I often started to think that what if I could provide an opportunity to the young women of my nation back at home—the women who got stuck in the traditional barriers and cultural limitations. There is, of course, no difference between women across the globe, but I was very familiar with the pain in my hometown in where it would be easier to start the change. So, with that fuel in my heart, I ended up finding my company, Bajer.
Fourteen million Kurds live in Turkey, with approximately twelve million living in east and south-east Anatolia; still, you don’t hear much about the Kurdish people because these areas are isolated and relatively very poor. For instance, we had no running water where I grew up. The water was provided to people once every week or ten days via a tanker truck for drinking and essential needs. My childhood era was marked by the “state of emergency” in my region, certainly one of the worst periods in our history, which lasted until 2004.
We have thousands of years of history in Mesopotamia as a Kurdish nation, so why not talk about all the positive and beautiful sides? That’s what Bajer Watches is all about.
Bajer” comes from the Kurdish word for “City,” a place of modern elegance. Growing up in a small Kurdish town on the Turkish border with Syria, traveling between the cities was unsafe and difficult during the 1990s. However, we were allowed to travel a couple of times, mainly around the festivals. When we planned to visit my aunt in the city, I could not sleep the whole night out of excitement. My new clothes and shoes were in my lap, and I was fell asleep dreaming about the city. The following day, walking towards the bus station, everybody knew that we were going to the town. Our clothes, shoes, and well-made hair were significant signs of our traveling to the city.
I named my company, Bajer, by thinking of those days. I want whoever wears Bajer to feel unique with that child’s same excitement and innocence. I created this venture to capture this feeling and share with others the complexity of the Kurds- how a group of people could be divided but diverse in richness.
It was not an easy path to take, but I took risks, and it is all well worth it. If I would not fail much, I could not be here today. I will create the same path for all the women and children in my region with less pain. It is all about providing an opportunity.
By having an opportunity to relocate to the USA, I became more educated and empowered. Finally, I was ready to take an actual step towards making this world a better place for all.
After many months of working on the idea and design concept, I was ready to move forward. With my years of savings, I started making initial designs and prototypes in 2019. I also participated in a program in management and leadership for young entrepreneurs and start-ups at MIT Sloan School of Management in Boston. Bajer Watches works with a small Swiss family business based in Chiasso, Switzerland, on the production side. I am not a fan of cheap products, so it was obvious to go for Swiss quality. I don’t want the parts to stop working after a year! I also love working with a family company; we support each other.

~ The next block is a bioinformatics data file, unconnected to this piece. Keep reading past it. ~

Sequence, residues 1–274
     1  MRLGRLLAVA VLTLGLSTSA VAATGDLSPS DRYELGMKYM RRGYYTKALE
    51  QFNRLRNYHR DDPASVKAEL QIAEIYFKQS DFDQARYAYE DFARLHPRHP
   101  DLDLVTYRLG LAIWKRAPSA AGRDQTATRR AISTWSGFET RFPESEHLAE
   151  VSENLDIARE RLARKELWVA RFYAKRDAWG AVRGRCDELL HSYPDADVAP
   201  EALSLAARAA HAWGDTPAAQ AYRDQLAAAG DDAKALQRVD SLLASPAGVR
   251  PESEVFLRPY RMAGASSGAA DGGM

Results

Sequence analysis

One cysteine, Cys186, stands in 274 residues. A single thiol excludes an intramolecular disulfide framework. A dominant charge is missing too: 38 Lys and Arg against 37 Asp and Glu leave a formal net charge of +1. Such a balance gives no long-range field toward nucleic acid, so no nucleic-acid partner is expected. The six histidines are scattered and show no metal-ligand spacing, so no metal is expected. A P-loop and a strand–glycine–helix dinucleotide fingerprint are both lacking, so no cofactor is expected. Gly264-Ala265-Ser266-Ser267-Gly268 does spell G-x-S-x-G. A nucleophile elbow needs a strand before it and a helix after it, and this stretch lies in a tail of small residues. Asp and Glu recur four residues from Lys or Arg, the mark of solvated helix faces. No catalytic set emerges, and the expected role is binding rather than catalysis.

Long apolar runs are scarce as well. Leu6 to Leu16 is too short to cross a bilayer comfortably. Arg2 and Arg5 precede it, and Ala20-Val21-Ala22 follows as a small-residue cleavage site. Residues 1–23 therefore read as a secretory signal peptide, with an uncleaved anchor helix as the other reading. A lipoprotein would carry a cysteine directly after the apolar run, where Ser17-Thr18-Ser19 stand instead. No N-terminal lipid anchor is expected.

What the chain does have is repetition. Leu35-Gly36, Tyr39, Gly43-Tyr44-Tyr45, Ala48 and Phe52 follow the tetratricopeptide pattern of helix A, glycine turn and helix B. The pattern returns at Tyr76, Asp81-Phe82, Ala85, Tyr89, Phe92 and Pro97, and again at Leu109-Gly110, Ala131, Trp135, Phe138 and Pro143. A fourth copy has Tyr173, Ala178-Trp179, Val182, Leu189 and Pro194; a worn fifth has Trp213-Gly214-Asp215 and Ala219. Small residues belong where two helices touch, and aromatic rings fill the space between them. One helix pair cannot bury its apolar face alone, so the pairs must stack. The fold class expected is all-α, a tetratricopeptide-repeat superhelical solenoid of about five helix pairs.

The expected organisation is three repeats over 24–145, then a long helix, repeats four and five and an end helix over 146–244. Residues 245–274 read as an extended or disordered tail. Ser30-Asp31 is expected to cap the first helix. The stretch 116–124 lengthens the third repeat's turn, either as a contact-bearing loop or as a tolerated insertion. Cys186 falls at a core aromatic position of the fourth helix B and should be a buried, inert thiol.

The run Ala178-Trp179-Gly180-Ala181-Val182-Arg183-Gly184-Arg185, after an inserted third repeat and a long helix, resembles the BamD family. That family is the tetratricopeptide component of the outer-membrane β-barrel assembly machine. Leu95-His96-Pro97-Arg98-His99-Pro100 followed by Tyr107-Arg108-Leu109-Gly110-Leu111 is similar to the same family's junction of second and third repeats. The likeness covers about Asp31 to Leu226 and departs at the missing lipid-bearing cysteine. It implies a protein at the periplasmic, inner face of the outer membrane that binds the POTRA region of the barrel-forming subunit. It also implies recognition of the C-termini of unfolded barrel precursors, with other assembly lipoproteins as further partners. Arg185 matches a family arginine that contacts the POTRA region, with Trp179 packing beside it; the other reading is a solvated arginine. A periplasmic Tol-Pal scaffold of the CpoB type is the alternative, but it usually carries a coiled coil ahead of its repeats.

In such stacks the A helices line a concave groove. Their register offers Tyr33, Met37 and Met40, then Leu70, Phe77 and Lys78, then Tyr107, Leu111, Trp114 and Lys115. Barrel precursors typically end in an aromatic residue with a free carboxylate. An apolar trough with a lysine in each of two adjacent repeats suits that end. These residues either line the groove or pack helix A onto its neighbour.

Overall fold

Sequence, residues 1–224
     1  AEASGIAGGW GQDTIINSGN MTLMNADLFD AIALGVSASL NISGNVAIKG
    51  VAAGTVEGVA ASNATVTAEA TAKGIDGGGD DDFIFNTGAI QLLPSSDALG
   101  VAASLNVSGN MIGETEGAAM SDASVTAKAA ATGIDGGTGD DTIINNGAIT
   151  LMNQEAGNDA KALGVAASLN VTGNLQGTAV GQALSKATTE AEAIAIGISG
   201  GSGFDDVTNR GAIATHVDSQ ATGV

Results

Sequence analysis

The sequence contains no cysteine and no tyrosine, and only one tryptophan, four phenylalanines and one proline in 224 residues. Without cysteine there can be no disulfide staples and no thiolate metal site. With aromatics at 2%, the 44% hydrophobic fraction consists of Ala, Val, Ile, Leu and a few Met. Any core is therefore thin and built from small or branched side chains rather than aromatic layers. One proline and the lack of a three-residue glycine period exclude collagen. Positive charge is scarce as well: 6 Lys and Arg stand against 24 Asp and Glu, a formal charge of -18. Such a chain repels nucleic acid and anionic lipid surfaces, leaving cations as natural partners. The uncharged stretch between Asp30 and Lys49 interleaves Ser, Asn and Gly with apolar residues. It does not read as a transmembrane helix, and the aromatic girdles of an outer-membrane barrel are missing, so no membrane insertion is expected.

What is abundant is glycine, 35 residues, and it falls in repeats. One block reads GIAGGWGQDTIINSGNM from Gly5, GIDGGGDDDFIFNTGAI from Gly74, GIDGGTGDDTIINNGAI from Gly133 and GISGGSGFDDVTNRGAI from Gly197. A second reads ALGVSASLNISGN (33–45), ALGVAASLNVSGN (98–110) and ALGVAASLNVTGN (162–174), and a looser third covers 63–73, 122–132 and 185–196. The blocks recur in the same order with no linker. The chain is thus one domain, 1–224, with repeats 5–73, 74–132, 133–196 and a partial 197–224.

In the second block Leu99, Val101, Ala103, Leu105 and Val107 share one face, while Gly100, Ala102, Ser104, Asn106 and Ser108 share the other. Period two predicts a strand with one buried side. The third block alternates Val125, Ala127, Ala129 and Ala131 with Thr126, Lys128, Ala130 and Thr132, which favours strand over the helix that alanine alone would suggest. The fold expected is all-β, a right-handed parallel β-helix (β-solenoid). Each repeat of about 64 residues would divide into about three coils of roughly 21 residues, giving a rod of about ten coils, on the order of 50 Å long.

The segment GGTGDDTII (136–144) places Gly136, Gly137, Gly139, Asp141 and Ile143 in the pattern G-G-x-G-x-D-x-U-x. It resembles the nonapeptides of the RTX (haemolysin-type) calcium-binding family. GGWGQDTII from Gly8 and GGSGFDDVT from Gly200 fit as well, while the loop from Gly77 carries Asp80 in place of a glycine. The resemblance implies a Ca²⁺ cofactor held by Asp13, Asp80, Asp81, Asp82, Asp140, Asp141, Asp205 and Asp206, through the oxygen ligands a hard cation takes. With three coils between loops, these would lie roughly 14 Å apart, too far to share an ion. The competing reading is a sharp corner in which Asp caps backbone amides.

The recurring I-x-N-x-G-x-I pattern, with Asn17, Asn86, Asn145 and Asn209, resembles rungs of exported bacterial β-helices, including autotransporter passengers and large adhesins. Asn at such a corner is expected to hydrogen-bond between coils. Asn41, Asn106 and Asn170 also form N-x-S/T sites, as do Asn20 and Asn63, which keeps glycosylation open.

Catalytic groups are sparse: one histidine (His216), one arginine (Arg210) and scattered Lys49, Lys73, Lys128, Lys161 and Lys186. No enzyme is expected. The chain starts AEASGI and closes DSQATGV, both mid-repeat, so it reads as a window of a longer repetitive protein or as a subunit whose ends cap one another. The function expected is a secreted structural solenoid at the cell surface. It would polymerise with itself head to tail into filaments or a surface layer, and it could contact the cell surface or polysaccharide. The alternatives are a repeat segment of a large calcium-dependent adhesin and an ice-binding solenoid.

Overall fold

To produce the straps, I found a small family atelier in Ancona, Italy, to produce the straps. I was lucky that they were interested in the project: they spent months studying Kurdish culture! I design the patterns with a small team of designers. The motifs on the straps are inherited from our rug culture; they are the secret language among Kurdish women. I was inspired to bring those motifs on the straps based on a conversation I had with my grandmother when I was young.
Each collection is named after a Kurdish town. There is a choice of five colors of straps related to natural elements of Kurdish regions. For example, the vineyards and pistachio fields of the city of Urfa inspired our burgundy color. We got our forest green from the stems of the rich, dark leaves of the olive trees in Antep.
We also keep a diary in the Journal section on our website about Kurdish traditions. This is not my story; these are our stories.
The launch was planned for March 2020 during a Kurdish festival, Newroz, that symbolizes the rebirth of nature, but then the pandemic happened. So, finally, Bajer Watches was launched in October 2021.
Bajer provides opportunities to all the kids and women like me- who want to break barriers of their tradition to follow their path.
Bajer would be many women’s stories. We all can get stuck somewhere in life and may not realize how powerful we are as an individual. Bajer is an excellent example of self-awareness, hardworking, empowerment, providing opportunities, and connectedness. Many other Leyla’s are ready to start their journey like Bajer. I had a vision in my mind when I was a child, and now that vision has become a reality with Bajer. We could make this world a better place for all in our capacity. The scale and the setting can change, but the impact will be significantly practical. These kinds of small steps are massive changes for local communities. I am glad I have the opportunity to give back to the community that raised me.